The Supreme Court case that could give Jan 6 rioters – and Donald Trump – a break

Joseph Fischer, a former police officer from Pennsylvania, allegedly entered the US Capitol building on January 6, 2021, yelling “Charge!”, and rushing the police line.

Fischer, like thousands of other rioters that day, attended the “Stop the Steal” rally in support of former president Donald Trump who had spread false claims of election fraud.

Fischer was arrested and charged with several crimes for his actions on January 6. He is among 330 rioters, along with Mr Trump, charged with obstructing an official proceeding.

But Fischer disputes that charge, claiming it is being unfairly used to prosecute him. The white-collar law was enacted 20 years ago in the wake of the Enron financial scandal.

His case, at the hands of the Supreme Court, could call into question the sentencings and convictions against hundreds of rioters and potentially undermine the two federal charges against Mr Trump.

The Supreme Court will hear arguments in Fischer v United States on Tuesday. A decision is expected sometime in or before June.

Four minutes inside the Capitol building

Fischer claims that he and a companion went to the “Stop the Steal” rally and left once it was finished. However, they ultimately made the decision to turn around and join the mob breaching the Capitol building.

Fischer went to the Capitol and pushed his way through the crowd, entering the building at 3.25pm. At that point, he claims, Congress had already recessed after their certification vote. The Trump supporter also claimed that he became caught up in a crowd for four minutes, and was knocked over. He alleged he was polite to police officers, and in return was pepper-sprayed.

But the government tells a different story.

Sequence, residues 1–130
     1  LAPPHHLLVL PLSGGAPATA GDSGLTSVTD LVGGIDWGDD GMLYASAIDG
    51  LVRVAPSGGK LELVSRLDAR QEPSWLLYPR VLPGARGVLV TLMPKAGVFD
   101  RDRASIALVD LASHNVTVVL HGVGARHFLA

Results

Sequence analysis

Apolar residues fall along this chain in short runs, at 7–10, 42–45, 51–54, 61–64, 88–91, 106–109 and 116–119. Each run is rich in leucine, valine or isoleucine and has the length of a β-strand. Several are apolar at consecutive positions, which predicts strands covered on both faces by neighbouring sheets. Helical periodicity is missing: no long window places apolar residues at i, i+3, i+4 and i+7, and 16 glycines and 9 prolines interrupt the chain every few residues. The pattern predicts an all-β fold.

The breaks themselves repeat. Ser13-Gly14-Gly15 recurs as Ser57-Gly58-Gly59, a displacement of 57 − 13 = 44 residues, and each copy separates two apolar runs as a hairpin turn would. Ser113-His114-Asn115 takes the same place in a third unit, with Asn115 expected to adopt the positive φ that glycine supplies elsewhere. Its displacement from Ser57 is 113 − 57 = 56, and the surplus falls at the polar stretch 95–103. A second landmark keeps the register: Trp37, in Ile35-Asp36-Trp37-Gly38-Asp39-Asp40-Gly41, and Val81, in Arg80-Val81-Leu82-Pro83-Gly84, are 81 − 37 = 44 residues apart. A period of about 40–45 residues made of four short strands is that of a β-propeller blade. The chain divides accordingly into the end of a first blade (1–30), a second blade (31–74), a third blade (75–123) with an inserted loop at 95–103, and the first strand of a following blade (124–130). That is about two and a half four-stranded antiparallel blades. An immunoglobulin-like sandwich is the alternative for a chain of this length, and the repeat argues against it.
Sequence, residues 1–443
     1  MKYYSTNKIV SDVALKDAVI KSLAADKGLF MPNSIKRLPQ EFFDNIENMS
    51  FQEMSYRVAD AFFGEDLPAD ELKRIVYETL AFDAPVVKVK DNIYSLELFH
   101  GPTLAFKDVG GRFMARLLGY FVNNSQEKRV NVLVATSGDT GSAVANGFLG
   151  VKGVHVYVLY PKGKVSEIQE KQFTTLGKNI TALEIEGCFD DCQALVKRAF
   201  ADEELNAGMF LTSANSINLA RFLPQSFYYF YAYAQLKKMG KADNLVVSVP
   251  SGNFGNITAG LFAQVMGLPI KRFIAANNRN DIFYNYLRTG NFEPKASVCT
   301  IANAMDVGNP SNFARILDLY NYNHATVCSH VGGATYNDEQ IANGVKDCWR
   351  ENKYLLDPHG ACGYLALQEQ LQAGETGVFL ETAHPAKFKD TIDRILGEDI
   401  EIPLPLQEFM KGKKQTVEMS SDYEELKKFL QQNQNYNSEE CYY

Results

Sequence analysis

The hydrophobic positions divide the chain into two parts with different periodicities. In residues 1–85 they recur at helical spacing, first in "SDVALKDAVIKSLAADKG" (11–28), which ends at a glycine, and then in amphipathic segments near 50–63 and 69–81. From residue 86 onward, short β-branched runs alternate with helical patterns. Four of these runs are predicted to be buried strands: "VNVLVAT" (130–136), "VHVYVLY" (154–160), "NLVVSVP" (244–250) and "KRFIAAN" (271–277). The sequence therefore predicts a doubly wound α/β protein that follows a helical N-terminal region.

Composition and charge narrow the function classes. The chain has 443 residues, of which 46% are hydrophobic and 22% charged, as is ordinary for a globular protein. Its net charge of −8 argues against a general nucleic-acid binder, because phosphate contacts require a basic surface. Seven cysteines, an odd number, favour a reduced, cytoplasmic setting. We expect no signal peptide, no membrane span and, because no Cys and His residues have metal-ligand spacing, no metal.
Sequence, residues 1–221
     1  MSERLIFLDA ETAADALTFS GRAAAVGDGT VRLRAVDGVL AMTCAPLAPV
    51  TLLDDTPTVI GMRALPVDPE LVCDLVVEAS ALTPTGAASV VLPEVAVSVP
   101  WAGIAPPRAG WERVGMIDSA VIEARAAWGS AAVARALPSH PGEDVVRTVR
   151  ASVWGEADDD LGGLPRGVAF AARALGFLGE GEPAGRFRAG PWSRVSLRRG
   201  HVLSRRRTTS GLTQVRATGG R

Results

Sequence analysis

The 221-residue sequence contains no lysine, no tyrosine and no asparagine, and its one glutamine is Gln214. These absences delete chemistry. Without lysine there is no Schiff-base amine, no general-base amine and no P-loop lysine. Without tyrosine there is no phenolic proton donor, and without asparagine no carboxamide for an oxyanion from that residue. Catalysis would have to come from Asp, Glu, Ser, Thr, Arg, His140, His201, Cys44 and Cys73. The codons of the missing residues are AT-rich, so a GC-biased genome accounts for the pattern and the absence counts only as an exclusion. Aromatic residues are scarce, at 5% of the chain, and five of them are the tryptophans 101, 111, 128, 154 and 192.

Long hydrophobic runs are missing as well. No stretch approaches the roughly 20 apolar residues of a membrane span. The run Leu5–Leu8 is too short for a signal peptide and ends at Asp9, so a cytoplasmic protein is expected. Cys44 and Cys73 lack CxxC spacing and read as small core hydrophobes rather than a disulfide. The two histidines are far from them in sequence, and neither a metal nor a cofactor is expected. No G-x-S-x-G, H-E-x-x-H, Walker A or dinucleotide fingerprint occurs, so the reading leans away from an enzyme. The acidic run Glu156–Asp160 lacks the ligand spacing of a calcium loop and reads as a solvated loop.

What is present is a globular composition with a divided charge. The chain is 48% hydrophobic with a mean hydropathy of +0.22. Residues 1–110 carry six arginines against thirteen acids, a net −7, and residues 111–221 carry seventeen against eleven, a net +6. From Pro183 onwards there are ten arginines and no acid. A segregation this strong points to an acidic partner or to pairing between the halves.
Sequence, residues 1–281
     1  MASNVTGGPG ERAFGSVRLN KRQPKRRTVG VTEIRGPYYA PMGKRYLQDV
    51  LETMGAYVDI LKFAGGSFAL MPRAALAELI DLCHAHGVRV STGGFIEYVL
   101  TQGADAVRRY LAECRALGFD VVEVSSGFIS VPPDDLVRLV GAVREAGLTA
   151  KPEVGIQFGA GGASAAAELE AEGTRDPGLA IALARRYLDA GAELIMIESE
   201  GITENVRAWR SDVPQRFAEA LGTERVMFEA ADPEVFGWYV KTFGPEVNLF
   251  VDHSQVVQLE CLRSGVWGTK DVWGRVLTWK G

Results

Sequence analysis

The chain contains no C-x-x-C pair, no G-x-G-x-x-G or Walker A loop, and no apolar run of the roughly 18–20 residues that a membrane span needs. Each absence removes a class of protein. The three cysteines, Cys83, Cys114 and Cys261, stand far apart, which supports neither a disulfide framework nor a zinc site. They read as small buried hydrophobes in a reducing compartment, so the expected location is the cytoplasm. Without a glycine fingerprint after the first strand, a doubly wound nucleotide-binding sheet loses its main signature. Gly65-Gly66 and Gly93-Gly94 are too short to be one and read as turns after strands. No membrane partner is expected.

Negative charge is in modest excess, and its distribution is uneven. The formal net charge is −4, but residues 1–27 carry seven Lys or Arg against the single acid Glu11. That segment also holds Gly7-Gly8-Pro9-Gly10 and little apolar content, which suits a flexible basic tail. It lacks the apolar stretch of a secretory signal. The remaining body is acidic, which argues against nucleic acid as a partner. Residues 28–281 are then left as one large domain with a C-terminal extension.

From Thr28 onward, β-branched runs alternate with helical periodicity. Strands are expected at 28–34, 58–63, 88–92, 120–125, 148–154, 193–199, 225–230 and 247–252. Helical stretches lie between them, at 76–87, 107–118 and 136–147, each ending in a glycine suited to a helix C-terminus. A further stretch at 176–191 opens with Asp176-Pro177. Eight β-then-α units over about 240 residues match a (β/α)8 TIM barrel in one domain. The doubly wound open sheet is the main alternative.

Prosecutors say in the days leading up to January 6, Fischer texted his boss insinuating that there could be violence on that day, he could be arrested and his chief might need to post his bond.

He texted another person: “Can’t vote if they can’t breathe... lol” an apparent reference to the lawmakers in the Capitol.

A noose is seen on makeshift gallows as supporters of President Donald Trump gather on the west side of the US Capitol in Washington DC on January 6, 2021 (AFP via Getty Images)
A noose is seen on makeshift gallows as supporters of President Donald Trump gather on the west side of the US Capitol in Washington DC on January 6, 2021 (AFP via Getty Images)

On January 6, the government says Fischer took a cell phone video of himself running through the crowd and yelling, “Charge!” before rushing into the building at 3.25pm.

Once inside, Fischer ran toward the police line and knocked over an officer. He was then pepper-sprayed and forcibly removed from the building four minutes later.

Fischer posted the video on Facebook.

More than a month after the attack on the Capitol, Fischer was arrested by federal law enforcement officials. During his arrest, Fischer said that he had “no regrets” and shouted profanities at the arresting agents.